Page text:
Tuesday, October 17, 2006

Stellar Birthdays and Supernovae

Today is a birthday that I didn't mail certain stuff in time for, so here is a blog devoted to October 17 instead.

In the history of American Independence October 17 was particulary important, and many other things of importance to human civilization occured, but I'm most interested in a certain year, 1604, when Johannes Kepler, trying to figure out the music of celestial spheres saw a sudden star in a constellation named Ophiuchus, the Serpent Holder, unknown to most people. Ophiuchus could be either of two guys who crossed Ceres and got divine and serpentine retribution in exchange. Or Hercules, who whacked snakes from infancy onwards. Another theory is it's Aeskulapius (Aesculapius) healing Glaucus, son of Minos after a snake bite. This confusion over the symbolism may be why this constellation is the "thirteenth" and forgotten astrological sign.
Kepler's drawing of the constellation Ophiucus shows a bearded greek man looking up to the right at an arm with a sword hacking behind his back at the serpent entwined around his torso. The man has his hands down at his sides, gripping at the serpent. His left foot seems to be stepping on a rather large bug which represents another constellation-- maybe Scorpio? His right ankle, to the picture's left, has a N on it which represents Kepler's supernova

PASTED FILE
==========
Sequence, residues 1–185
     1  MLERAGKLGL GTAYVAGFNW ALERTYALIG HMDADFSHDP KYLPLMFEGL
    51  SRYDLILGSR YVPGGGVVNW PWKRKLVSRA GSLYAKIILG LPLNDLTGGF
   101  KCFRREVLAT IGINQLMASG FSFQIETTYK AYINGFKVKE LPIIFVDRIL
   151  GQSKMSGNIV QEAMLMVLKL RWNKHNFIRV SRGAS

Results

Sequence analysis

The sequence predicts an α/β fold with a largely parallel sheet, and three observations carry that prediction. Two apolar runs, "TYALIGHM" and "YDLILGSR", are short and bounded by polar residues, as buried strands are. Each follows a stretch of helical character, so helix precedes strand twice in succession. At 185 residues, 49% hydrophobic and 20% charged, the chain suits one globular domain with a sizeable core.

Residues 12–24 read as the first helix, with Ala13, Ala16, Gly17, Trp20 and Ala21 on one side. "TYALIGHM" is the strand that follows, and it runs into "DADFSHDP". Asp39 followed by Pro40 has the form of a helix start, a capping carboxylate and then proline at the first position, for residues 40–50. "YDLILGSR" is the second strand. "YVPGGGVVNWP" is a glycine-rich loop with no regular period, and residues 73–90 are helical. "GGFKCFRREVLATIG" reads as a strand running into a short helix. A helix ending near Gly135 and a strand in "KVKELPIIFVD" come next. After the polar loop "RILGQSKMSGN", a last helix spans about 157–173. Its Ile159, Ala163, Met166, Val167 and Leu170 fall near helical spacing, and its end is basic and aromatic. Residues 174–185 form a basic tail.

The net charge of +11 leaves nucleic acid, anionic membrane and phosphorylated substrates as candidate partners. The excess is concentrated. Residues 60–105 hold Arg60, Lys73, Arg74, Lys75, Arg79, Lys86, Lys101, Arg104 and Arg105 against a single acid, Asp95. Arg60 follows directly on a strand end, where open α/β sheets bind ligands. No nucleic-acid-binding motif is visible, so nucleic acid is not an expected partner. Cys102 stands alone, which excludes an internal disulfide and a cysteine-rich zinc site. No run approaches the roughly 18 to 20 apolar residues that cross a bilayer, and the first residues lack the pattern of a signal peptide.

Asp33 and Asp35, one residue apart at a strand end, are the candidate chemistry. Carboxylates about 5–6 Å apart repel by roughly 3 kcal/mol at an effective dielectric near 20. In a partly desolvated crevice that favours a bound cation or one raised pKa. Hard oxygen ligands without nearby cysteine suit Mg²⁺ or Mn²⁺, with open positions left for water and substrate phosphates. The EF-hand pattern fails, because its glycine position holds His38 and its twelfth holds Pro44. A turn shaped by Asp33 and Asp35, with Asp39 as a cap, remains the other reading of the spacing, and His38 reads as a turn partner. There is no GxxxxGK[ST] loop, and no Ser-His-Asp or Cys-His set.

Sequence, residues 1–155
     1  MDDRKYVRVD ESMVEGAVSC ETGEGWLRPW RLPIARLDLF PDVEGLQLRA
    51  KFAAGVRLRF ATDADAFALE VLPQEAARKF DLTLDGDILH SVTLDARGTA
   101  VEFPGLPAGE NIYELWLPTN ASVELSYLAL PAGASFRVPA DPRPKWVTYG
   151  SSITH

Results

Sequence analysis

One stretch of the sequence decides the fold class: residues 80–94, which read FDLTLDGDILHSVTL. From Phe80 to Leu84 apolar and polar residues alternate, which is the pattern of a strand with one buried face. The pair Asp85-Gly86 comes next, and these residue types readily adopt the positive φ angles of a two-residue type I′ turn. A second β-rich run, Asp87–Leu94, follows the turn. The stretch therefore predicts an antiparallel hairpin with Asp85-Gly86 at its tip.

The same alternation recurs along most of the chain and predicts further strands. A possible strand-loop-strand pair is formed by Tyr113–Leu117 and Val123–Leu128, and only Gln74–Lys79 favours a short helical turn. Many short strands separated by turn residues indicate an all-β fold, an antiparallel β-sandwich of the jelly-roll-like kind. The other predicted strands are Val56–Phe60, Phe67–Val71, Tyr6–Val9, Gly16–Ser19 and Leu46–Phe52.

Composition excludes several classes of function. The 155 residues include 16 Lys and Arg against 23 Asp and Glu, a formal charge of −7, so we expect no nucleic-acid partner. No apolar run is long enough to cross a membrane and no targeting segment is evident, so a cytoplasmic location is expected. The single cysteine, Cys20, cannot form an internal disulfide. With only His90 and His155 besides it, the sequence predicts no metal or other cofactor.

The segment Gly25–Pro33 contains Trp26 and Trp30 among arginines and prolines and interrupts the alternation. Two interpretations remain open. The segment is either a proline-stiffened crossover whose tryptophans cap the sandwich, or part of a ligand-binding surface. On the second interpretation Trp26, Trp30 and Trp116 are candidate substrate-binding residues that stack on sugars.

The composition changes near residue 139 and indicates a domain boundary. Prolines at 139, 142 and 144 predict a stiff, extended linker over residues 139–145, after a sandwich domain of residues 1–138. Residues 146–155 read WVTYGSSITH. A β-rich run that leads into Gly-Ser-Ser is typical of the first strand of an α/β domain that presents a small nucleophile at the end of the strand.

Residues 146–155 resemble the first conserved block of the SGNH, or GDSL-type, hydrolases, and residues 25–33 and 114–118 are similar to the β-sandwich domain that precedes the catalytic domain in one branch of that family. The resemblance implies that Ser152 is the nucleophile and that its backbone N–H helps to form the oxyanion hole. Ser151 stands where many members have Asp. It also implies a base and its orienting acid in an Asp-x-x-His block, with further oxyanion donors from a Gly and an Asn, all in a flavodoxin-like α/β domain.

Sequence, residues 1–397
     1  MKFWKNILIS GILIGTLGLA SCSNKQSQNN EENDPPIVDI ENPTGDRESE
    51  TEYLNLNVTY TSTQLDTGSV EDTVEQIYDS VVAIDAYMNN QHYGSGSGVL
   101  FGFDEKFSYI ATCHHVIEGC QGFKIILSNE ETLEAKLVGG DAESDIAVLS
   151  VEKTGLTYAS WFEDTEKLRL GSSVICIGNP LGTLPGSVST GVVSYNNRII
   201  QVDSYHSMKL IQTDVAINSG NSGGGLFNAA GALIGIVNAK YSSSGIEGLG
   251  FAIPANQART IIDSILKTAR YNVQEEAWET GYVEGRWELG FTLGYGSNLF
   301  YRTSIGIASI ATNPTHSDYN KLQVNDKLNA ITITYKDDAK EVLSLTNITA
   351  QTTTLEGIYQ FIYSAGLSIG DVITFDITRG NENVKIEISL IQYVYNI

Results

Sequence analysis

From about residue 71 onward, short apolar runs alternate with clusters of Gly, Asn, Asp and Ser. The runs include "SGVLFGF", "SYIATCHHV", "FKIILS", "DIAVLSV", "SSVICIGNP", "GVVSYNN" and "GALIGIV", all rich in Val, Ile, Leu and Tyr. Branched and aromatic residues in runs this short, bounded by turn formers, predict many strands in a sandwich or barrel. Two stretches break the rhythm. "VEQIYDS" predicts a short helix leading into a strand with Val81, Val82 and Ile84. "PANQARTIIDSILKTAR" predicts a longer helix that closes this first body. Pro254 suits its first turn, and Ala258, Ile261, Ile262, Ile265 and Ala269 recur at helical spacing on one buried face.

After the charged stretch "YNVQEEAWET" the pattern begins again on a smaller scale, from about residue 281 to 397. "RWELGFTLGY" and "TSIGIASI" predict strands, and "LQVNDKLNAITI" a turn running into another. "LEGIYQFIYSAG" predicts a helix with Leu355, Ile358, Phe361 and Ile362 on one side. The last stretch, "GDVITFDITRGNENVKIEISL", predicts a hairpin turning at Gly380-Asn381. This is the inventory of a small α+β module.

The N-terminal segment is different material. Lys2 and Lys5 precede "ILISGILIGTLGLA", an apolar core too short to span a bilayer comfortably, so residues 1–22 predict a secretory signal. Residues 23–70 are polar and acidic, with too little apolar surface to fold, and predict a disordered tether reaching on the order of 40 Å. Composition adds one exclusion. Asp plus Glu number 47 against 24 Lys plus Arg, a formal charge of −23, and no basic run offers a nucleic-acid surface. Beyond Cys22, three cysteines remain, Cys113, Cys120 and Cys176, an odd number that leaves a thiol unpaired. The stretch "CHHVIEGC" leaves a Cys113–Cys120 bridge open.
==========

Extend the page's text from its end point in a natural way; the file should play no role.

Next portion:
This is Kepler's original drawing, with N at the ankle indicating the location of the supernova. Its remmant, thanks to the artistry of NASA combining photographs from 3 different telescopes, remains quite a firework spectacle.

Six part picture showing different telesocope images. the top 3 pictures show the full images, the botton 3 show blow-up portions of the same images.  Captions are X ray, Chandra X ray observatory for the lefthand images, which are in blue and whitish grey.  The center images are captioned as visible images from the Hubble Telescope, much less visible and mostly reddish.  The righthand images are infrared images from the Spitzer Space telescope, colored in red-orange with brilliant blue-white spots

The resulting image (Note the tongue action):

The combined image of Kepler's supernova is mostly blue-green with a red-purple glow on the upper and side edges, with a large protusion of red with green and yellow splotches. This looks rather like a large green-blue ball sticking its tongue out at us

Speak of a stellar illustration for The Hitchhiker's guide to the Galaxy.

We should also all already know that we are stardust. Many of the heavier elements are only made in supernovas.

The physics of supernova collapse is still being studied.

Kepler's supernova remmant will continue accelerating for millenia, expanding to a radius of dozens or hundred light-years wide, and helping to seed the neighborhood with heavy elements. Our earth would not exist if it was not for a similar supernova, and in fact the Stardust mission hoped to find atoms older than our sun, from bygone supernovae.

When you consider the universe is roughly 13.7 billion years old, years, let alone birthdays, are more evanescent than the blink of an eye. Yes, I know I'm still in trouble for forgetting to send a birthday card on time.

--Wilbrod

1 comment:

Anonymous said...

Hmm. Isn't "Whacking Day" a holiday in the Simpsons' home town of Springfield where they celebrate the whacking of snakes?

Aha. I see it *is*.

http://www.tv.com/the-simpsons/whacking-day/episode/1364/trivia.html

bc